Mboma, Masilingi ignite Kavango East sport fever

The two Olympic sprinters have united Namibians like never before, especially in their home region of Kavango East.

04 August 2021 | Sports

KENYA KAMBOWE

RUNDU

Issues such as tribalism, politics and corruption have taken a backseat in Kavango East as people unite in support of Olympic athletes Beatrice Masilingi and Christine Mboma, who hail from the region.

In fact, regional sport officer Erastus Someno says a number of young people are now knocking on his door wanting to take up athletics as a career.

“We are very happy for what the girls have done. The feeling in the region is the same as that felt by the general public; we are very happy,” Someno said.

“Almost every day I am receiving calls from people saying that they are athletes and how can they be assisted.”

He added that the names of the potential athletes have been recorded and the region will look at how they can assist them.

Someno pointed out that one of the biggest challenges at the moment is the region’s affiliation to Athletics Namibia.

He explained that the region was de-affiliated some three years ago and needs to restore its affiliation to enable local athletes to take part in national events.

Inspirational

Bronner Henk, a former teacher of Masilingi’s at Noorgrens Combined School in Rundu, says what the two athletes have done is magnificent.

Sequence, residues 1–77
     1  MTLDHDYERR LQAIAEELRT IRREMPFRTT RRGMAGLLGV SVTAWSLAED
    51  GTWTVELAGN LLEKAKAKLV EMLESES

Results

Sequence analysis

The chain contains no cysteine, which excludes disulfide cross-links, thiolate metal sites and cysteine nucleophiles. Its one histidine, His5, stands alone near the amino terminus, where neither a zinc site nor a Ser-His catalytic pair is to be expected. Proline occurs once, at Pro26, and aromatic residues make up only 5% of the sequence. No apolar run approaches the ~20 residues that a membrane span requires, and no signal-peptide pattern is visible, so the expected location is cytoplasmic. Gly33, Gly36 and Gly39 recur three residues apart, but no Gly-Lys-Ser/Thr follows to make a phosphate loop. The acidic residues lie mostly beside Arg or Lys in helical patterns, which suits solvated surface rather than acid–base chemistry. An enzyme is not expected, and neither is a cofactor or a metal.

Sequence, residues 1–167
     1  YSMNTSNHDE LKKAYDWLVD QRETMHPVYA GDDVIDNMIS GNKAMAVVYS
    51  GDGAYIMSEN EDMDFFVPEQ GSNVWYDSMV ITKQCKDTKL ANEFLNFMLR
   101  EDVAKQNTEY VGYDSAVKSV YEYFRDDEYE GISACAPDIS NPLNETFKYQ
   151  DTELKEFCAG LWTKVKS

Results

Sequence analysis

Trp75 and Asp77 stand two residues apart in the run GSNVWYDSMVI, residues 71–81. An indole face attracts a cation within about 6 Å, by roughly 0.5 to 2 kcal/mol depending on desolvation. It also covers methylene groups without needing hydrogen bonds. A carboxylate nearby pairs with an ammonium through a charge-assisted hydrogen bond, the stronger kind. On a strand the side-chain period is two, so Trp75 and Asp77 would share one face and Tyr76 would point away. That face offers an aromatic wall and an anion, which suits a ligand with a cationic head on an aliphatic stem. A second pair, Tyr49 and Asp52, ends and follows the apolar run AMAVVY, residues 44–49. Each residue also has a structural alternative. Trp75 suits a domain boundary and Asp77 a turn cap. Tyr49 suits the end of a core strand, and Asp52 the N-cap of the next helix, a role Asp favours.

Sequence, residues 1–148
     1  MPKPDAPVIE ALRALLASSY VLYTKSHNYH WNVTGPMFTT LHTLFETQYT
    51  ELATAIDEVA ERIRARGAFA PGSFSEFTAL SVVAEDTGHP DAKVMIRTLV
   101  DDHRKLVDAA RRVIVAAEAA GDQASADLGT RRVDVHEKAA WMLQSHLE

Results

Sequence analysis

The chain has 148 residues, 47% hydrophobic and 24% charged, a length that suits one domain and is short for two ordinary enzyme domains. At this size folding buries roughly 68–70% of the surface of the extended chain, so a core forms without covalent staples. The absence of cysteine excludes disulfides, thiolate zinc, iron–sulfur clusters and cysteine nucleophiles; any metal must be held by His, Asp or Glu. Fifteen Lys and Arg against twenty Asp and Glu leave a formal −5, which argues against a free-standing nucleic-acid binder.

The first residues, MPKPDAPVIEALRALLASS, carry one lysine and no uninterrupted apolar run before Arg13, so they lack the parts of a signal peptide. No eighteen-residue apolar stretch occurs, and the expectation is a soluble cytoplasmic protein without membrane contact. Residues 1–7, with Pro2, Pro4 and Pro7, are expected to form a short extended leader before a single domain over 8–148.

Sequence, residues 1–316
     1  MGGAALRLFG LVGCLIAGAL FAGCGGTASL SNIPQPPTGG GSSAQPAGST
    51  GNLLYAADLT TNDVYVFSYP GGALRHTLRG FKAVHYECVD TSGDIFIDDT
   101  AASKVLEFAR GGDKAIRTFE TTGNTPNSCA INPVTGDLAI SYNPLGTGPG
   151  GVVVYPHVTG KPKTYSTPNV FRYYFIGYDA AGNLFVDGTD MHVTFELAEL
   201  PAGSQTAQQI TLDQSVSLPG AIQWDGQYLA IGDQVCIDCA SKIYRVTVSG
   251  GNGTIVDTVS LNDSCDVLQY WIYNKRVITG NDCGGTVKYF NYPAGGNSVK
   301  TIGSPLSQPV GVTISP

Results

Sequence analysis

Henk says they have achieved a lot in a short time.

“I really think they are magnificent. I think the population might not understand everything yet. If you look at the progression of an athlete, Usain Bolt said he won his first major medal after four years of preparation.

“They are doing so well in just a year and a bit. Yes, there is a lot of room for improvement but thus far I have not seen anyone who did so well in world athletics in such a short time,” he said.

Another resident, Frans Moyo, says Mboma and Masilingi’s achievements have united the nation.

“It’s a great feeling. We are proud to see how the country is reacting. At this moment everyone is speaking one language,” Moyo said.

“It’s a sign of unity for me. It looks like we have forgotten about politics for now; we have forgotten about corruption and tribalism; we have put that aside. It’s giving us a boost and I wish the girls the best of luck.”

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